The major factors that determine the use of technology could be creativity. Creativity is another innovative strategy followed by corporate today. This needs an entire team of developers, designers, and social media experts that are constantly creating new content and media that people out there love. This involves strategies for technological innovation of the product so that it pulls attention of the customer to the brand.

Another factor is the consumer himself. If he values technology, one could very well give it to him. Consistent with this rationale, it was found that consumers exhibited a preference for a “no-choice” option (i.e., choice deferral) when all brands under consideration were similar in their attractiveness. Deferring choice affords consumers the opportunity to engage in a search that might yield additional information capable of discriminating between brands that are similar on performance dimensions considered earlier in the choice process. Thus, deferral simultaneously can reduce the probability of experiencing negative emotions associated with suboptimal product choices and increase consumers' flexibility during decision making. Unfortunately, when consumers defer choice, companies suffer because of delayed revenue streams or, even worse, lost revenues if consumers never reinitiate their choice processes. For example, Sony and Philips were reportedly concerned that the simultaneous launch of the Minidisk and Digital Compact Cassette technologies would impede growth in the consumer electronics market owing to consumer delay in choosing between these products. Fortunately, consumer researchers have identified several alternatives to deferral that might exist when brands are undifferentiated. Rather than deferring choice, consumers may—given the similarity that exists between brands in such instances—engage in a random choice process). As another possibility, the nondiagnosticity of performance-relevant inputs of products with similar attribute performance can create the potential for decision making to be driven by factors typically viewed as less central to the choice process . Specifically, under such conditions, choice of technology may be based on a consideration of peripheral cues that might, a priori, be viewed as relatively immaterial or irrelevant to the decision . Daniel F. Spulber - 2004

Another factor that determines the use of technology in a foreign country is the Points-of-difference (PODs) which are attributes or benefits consumers strongly associate with a brand strategies, positively evaluate and believe they could not find to the same extent with a competing brand i.e. points where you are claiming superiority or exclusiveness over other products in the category. Another factor is Points-of-parity (POPs) - Associations that are not necessarily unique to the brand strategy but may be shared by other brands i.e. where you can at least match the competitors claimed benefits in technology . Thus customer loyalty other brands although little in this industry is very high. Daniel F. Spulber - 2004

Whilst when assessing the deliverability criteria for technology in the above listed context we will look at their:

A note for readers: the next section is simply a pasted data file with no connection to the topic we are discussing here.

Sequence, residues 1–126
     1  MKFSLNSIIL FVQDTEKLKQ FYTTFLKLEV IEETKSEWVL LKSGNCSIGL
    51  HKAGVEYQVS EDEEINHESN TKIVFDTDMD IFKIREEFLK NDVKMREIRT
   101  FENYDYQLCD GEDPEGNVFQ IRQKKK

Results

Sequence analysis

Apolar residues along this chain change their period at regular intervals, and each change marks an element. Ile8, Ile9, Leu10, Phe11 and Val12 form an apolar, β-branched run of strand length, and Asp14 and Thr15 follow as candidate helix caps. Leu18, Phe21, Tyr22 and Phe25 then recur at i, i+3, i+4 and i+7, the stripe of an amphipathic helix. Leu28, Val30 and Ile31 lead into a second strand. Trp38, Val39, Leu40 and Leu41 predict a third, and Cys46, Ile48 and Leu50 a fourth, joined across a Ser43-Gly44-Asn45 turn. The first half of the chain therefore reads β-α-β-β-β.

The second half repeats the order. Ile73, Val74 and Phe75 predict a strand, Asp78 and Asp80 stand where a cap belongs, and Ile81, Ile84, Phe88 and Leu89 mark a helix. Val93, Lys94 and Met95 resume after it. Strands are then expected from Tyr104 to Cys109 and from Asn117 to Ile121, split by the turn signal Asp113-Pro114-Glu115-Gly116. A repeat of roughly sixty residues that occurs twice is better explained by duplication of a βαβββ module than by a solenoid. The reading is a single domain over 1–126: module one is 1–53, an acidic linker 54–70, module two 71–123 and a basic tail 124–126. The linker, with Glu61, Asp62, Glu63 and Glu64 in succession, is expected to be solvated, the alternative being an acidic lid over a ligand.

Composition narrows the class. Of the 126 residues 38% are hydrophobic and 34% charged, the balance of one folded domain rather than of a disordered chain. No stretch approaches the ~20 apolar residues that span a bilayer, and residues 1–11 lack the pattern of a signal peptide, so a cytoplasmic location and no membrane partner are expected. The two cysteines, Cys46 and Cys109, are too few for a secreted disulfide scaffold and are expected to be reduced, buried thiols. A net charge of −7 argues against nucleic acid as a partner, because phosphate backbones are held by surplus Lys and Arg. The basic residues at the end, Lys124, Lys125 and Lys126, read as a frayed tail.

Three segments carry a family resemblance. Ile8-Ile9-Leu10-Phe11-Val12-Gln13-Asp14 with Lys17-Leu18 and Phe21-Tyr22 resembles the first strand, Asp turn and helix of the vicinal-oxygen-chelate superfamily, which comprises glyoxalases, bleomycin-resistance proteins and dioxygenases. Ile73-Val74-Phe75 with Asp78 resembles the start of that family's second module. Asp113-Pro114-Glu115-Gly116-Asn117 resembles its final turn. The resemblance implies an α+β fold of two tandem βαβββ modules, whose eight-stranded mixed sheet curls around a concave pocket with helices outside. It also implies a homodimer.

• Feasibility
  • Communicability
  • Sustainability

Traditionally, the people responsible for positioning brands through a varied technology have concentrated on the differences that set each brand strategy apart from the competition. But emphasizing differences isn't enough to sustain a brand against competitors. Here we consider the frame of reference within which the brand works and the features the brand shares with other products. Brassington Frances and Pettitt Stephen (2006)

Last but not the least is competition. More generally, a firm has a competitive advantage in technology when it is implementing a strategy not simultaneously implemented by many competing firms and these other firms see significant disadvantages in acquiring the same level of operations. A key problem company's face when competing in markets segmented by parity of core product attributes is that traditional differentiation strategies are chucked out from the marketer's arsenal. Such strategies revolve around the idea that building sustainable competitive advantages requires a unique product with a unique etchnology from the competition along attributes that are important and relevant to customers . In contrast to these normative recommendations, operating in commoditized, price-driven markets shows that the ultimate winners will be the most effective producers. In response to this reality, agricultural producers historically have trusted on strategies that focus on lower costs and higher volumes. Such a competitive landscape clearly inclines towards bigger producers who are able to capitalize on the effectiveness realized through greater economies of scale. Andrew M. Pettigrew, Howard Thomas, Richard Whittington - 2002

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Andrew M. Pettigrew, Howard Thomas, Richard Whittington - 2002 Handbook of strategy and management

Brassington Frances and Pettitt Stephen (2006) Principles of marketing ( 4th edition) prentice hall publication

Daniel F. Spulber - 2004 Management strategy

Gregory G. Dess, Marilyn L. Taylor - 2004 Strategic Management: Creating Competitive Advantages

Kevin W. Tourangeau - 1981 Strategy management: how to plan execute, and control strategic plans.

Kotler Philip (2003) Marketing management, (eleventh edition) Pearson education publications